Taps Coogan – October 10th, 2020
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Lakshman Achuthan of the Economic Cycle Research Institute recently spoke with Jim Grant of Grant’s Interest Rate Observer about the progression of the Covid recession. Mr. Achuthan notes that, from a business cycle standpoint, the recession is likely already over and that the National Bureau of Economic Research’s dating committee, which retroactively assigns the ‘official’ beginning and end dates to recessions, will probably end up determining that the current recession ended sometime before October.
To be clear, he is not claiming that things are back to normal, or that things are not still getting worse for many people. The demarcation of the end of a recession simply means that the economy has returned to a growth trend, holistically speaking. Considering that third quarter GDP estimates are pointing towards a rebound in the ballpark of 35%, it’s probably the case. He also notes that inflationary pressures are rising and that once we get through the first few quarters of recovery, structural trends and the damage to small businesses and the labor market may skew the outlook to the downside.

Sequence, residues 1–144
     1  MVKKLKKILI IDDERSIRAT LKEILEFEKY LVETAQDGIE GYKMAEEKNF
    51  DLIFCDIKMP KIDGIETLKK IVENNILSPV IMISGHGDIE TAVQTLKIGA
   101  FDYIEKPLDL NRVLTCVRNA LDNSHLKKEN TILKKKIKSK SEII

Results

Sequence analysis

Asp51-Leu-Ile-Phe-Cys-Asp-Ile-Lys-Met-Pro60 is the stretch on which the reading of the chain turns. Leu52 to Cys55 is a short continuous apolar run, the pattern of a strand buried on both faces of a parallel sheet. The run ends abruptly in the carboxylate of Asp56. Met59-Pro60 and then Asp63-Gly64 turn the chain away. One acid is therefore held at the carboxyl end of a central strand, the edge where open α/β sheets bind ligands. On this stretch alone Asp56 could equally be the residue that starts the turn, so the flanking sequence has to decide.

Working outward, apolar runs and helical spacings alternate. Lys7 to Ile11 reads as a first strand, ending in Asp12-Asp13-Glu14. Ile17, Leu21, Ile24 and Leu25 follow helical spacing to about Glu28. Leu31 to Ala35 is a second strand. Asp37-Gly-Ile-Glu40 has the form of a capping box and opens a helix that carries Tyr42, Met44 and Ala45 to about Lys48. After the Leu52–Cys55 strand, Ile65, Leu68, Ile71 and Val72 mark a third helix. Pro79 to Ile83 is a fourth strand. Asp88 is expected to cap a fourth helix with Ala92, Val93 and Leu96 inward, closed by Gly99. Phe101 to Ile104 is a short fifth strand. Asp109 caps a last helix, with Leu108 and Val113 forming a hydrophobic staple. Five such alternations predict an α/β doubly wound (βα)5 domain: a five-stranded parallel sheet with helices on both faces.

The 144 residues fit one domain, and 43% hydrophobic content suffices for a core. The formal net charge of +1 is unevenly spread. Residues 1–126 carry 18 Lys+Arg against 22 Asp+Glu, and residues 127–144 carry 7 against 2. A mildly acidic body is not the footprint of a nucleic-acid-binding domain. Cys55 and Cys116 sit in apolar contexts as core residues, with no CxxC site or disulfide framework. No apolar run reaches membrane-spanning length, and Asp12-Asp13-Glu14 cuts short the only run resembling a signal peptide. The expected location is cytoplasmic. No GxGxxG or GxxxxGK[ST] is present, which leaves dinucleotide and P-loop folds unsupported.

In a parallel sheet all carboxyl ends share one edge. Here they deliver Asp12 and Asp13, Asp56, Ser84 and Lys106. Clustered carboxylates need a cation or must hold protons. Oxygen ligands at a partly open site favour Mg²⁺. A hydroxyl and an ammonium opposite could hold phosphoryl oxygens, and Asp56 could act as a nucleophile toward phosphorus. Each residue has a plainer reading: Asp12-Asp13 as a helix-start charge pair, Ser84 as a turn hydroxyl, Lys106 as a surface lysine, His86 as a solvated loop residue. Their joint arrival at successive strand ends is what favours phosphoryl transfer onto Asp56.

Some excerpts from Mr. Achuthan:
“You’re not going to get anything official for a while but… I am telling you that the recession is over. We’re in a recovery. That’s what the cycle indicators are saying. It’s really grounded in the industrial sector of the economy… Not unlike past recessions, the early going of the recovery, it has a little bit of a ‘V shape’ because you’re coming off of…, in this case, very extreme lows.”
“The early stage of a recovery is always a ‘V,’ but once you get a few quarters into it, or maybe a year at most, after that the cycle owes you nothing and you are going to go back to whatever the big structural patterns were and unfortunately, those were kind of easing to the downside and there’s no good reason why that’s changed…”
Enjoy the full discussion above.
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